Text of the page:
Should Achakzai’s Afghanistan outburst be allowed to go un-noticed?
Should it happen? Can or Should the outburst from the Pakistan Milli Awami Party chief, Mahmood Khan Achakzai during visit to Afghanistan be allowed to go un-noticed? The question has been agitating the people at almost every level, but the official silence on such a sensitive subject is intriguing.
On his return to Pakistan, the elderly politician from the Pushtoon belt of Balochistan laid the entire blame on the Kabul newspaper that splashed his interview on its front page and that too in screaming headlines. His clarification that he was quoted out of context, or the interview was presented in distorted form, is a mere excuse, and unacceptable till such time it is proven right. He claimed that he had merely stated that Khyber Pukhotonkhwa was once part of Afghanistan, cannot be dismissed lightly. It is a mere afterthought, a crude attempt to escape from the aftermath.
History has been replete with examples of geographical changes in the world for thousands of years. Austria’s links with Germany, or Austro-Hungarian Empire, the Great Roman and the Prussian Empires all bear testimony to that. Afghanistan’s history too dates back to 500 Years BCE, but changes kept coming whether it was Arians who left their footprints of Pushto language in Afghanistan, or whether Afghanistan shrunk in territory is a debate on that will be of mere academic nature now.
Hitler, burning with revenge, tried to conquer neighouring States, met its waterloo in Leningrad, like Napoleans did in Belgium. Whether the KP, which until recently, was known as the North-West Frontier Province, was part of Afghanistan, is futile to discuss.
Afghans do have claim on KP, rejecting the British-created Durand Line, but it is also a fact that KP, after historical referendum in the 40s, chose be part of Pakistan. This is something that is indisputable, and irrefutable reality, which cannot be undone by such illogical statements as that of Mahmood Khan Achakzai. Like Mir Hasil Biznejo, Achakzai, too, is son of a celebrity. Both Samad Khan Achakzai, and Mir Ghous Bux Bijenzo, were tremendous leaders. Their sons, however, have abandoned the golden principles, their illustrious fathers had cherished and devoted their lives for.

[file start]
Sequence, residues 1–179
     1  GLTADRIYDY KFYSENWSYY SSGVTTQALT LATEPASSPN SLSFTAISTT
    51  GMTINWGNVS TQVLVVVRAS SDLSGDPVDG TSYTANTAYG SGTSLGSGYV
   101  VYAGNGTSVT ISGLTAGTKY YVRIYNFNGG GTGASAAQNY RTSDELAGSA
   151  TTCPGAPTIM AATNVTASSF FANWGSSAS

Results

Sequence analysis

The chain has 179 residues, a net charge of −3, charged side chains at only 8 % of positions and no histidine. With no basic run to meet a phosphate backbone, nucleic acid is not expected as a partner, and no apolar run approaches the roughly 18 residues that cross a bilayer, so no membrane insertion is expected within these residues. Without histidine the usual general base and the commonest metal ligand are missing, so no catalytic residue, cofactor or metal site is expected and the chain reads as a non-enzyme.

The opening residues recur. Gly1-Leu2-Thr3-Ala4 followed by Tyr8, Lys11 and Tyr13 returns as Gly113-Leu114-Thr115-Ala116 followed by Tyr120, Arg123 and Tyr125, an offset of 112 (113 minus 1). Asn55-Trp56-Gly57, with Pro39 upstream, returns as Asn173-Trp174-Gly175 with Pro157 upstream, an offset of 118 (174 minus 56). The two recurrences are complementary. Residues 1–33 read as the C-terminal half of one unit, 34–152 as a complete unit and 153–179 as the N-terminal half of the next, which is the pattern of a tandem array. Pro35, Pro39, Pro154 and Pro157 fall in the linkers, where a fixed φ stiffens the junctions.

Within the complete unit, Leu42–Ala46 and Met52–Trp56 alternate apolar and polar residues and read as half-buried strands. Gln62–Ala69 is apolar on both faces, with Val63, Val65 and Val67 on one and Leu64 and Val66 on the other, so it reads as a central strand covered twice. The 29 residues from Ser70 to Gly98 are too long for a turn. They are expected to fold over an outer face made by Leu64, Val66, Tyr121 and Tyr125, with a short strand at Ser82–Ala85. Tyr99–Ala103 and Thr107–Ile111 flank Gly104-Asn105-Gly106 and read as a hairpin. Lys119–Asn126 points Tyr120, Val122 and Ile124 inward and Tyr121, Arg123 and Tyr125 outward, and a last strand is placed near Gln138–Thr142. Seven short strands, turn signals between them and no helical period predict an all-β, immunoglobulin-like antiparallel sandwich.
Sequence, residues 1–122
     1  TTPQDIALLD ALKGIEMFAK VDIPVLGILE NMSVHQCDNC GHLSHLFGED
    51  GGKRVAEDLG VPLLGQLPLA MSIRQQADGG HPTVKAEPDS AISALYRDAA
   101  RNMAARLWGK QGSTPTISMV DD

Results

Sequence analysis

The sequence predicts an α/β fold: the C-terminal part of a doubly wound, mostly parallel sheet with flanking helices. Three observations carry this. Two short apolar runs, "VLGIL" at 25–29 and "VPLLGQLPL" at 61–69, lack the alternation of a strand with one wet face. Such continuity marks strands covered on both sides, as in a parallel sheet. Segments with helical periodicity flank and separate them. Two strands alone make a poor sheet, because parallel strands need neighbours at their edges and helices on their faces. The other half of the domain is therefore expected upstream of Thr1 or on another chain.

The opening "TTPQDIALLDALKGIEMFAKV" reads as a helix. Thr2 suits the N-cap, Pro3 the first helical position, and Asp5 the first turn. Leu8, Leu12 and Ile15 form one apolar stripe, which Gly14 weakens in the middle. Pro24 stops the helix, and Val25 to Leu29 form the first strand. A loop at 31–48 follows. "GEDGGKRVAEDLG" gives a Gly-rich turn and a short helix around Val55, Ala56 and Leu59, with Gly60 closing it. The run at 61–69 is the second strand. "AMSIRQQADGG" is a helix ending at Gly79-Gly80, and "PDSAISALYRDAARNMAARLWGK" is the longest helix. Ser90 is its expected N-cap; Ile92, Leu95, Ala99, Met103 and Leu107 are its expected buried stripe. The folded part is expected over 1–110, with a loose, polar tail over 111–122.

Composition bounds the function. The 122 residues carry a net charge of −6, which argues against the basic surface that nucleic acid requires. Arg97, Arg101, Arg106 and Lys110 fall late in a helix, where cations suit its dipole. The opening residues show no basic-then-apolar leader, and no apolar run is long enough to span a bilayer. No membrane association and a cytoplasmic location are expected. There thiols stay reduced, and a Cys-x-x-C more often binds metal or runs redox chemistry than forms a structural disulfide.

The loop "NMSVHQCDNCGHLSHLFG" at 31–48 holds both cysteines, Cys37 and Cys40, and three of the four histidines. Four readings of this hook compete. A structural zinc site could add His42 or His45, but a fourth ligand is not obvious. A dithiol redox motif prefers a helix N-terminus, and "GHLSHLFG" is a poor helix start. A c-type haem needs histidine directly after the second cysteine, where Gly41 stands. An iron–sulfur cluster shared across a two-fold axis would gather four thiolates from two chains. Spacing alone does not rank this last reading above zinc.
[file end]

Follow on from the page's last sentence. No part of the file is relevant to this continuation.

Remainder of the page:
Both of them have now fallen prey to lust and greed. The two identify themselves as warriors for the rights of Balochistan, but both prefer to be in the cosy comfort of Islamabad instead of being with their people in the backward south-western province.
Although a minister in the federal cabinet, Hasil’s bargain for benefits still allows him space for self-defence, but same cannot be said about his compatriot. The fact that he went for offices and benefits for his family, is now a matter of official record. Even cursory glance will prove that point irrevocably.
Mahmood Khan’s brother is governor Balochistan, second brother is MPA, sister in law of Achakzai’s wife is MPA, and sister of wife is MNA, brother-inlaw is manager, Quetta airport, second brother in law (wife’s brother) is DIG, Motorway, the nephew of wife is lecturer, and second brother is registrar.
The entire family is now in the government. And now Mahmood Khan declares KP as part of Afghanistan—treacherous statement, and ought to be taken notice for trial of impeachment.
A vital question is as to why Mahmood Khan not deny the contents of that interview while being in Kabul. Why did he speak up after he was taken on for that on his return to Pakistan. The interview, must, surely be a taped one. Let that English newspaper of Kabul replay that tape, and reproduce the exact words of what Achakzai had said. Everything will be crystal clear.
Pushtoons do have historical links with Afghanistan, but they are now a separate entity, just like Urdu speaking migrants from India, are now pure Pakistanis. They cannot look back at their origins. Migrants or those performing Hijra are categorized as valued clan or category of people. Pushtoon history too is replete with courage and valour, but now that KP is part of Pakistan, linking it back to historical perspective is bound to create doubts. And it can be ripples in the pond.